Global Civilization and Local Cultures

First published September 2001 in International Sociology, vol. 16 (3): 301-319
Reprinted 2004 in Rethinking Civilizational Analysis, ed. by Said Arjomand and Edward Tiryakian. London: SAGE, 71-86.

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Abstract

This article distinguishes between civilization and culture in the tradition of Alfred Weber and Robert Merton. Civilization denotes the human control of nature and is used in the singular; culture indicates the social construction of meaning and is used in the plural. Civilization is also the term for the social-natural whole, and culture for the local parts of the whole. The renewed distinction between civilization and culture aims to correct the underattention in the social sciences and humanities to technoscientific developments. Furthermore, it is unsatisfactory to view contemporary history from the points of view of local cultures only. I argue that a revised understanding of civilization is necessary to deal with the globalization of technoscience.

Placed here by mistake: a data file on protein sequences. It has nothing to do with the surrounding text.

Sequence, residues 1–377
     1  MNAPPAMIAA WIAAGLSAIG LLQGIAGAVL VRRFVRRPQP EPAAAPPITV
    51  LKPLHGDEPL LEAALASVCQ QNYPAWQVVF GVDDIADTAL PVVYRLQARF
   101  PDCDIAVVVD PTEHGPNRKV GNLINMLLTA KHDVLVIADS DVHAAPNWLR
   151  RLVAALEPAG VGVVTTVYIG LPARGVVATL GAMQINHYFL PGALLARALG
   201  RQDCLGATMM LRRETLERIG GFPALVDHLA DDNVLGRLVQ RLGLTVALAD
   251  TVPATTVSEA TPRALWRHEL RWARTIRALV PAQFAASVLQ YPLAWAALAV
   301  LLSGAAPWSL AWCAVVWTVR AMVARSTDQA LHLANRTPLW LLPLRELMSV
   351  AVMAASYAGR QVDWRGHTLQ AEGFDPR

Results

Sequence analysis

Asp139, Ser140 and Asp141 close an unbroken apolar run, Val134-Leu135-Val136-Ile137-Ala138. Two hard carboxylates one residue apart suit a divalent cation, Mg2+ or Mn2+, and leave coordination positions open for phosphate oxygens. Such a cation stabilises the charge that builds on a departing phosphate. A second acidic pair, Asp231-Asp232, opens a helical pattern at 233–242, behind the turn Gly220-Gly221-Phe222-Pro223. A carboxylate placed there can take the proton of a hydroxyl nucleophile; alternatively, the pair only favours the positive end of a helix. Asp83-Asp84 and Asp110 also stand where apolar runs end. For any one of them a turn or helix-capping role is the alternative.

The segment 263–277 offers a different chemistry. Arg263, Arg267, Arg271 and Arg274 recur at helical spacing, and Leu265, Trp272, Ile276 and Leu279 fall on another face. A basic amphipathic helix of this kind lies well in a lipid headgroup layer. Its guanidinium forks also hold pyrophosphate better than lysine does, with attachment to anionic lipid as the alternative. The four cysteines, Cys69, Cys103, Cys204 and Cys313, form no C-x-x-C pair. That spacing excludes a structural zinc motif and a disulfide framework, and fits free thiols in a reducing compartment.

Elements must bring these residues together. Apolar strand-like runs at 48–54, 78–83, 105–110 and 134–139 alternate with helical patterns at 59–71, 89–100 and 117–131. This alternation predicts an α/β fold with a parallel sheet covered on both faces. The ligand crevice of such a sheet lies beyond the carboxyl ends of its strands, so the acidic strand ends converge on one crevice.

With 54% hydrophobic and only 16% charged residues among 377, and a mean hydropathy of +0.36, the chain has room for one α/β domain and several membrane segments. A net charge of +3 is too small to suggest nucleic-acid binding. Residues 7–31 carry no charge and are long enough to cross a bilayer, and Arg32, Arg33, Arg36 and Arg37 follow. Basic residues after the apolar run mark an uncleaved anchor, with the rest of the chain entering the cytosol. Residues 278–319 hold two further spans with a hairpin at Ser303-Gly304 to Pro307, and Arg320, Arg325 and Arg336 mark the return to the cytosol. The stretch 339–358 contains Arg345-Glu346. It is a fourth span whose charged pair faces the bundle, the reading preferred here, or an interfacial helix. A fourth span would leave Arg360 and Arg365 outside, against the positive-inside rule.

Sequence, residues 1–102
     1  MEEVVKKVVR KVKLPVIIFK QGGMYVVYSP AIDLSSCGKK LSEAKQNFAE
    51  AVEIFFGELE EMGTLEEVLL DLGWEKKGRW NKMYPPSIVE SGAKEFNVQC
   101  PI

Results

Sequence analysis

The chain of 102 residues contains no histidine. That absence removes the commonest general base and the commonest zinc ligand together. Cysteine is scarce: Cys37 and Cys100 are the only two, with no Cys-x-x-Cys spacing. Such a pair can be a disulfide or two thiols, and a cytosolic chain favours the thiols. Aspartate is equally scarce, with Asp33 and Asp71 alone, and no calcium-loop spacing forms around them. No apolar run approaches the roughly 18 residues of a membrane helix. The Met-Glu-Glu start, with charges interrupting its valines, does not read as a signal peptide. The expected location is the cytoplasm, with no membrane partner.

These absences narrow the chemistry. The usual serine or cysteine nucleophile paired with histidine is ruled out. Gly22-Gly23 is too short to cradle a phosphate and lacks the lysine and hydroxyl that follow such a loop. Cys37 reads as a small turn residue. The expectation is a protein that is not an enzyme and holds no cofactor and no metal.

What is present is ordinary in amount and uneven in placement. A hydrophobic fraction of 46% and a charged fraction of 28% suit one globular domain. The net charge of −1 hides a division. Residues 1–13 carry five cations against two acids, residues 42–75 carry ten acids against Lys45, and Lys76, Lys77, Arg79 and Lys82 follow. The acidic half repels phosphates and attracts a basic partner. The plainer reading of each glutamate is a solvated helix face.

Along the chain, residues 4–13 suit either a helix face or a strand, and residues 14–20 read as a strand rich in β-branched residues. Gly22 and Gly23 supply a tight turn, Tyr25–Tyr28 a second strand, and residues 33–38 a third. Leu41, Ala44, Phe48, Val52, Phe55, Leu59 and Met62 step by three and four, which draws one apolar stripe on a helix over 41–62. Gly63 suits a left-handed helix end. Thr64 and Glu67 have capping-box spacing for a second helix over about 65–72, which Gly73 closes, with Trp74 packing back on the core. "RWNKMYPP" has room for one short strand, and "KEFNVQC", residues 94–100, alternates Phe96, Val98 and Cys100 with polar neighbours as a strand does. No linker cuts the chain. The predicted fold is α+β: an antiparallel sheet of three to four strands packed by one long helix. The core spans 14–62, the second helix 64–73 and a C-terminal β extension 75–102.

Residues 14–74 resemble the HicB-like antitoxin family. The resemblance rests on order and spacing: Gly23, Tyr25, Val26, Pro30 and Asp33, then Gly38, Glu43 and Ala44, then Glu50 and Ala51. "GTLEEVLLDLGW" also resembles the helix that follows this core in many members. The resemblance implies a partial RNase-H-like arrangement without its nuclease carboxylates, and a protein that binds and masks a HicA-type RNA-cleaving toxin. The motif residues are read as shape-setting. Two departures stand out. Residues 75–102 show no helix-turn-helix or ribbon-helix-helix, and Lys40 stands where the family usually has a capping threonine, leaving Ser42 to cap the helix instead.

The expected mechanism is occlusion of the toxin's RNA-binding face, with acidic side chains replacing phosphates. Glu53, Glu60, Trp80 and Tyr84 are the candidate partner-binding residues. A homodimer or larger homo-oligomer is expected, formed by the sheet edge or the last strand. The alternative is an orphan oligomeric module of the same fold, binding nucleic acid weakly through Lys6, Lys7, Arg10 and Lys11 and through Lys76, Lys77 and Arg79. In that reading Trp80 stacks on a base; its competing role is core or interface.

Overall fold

Keywords

civilization  ¤  conceptual history  ¤  culture  ¤  globalization  ¤  technoscience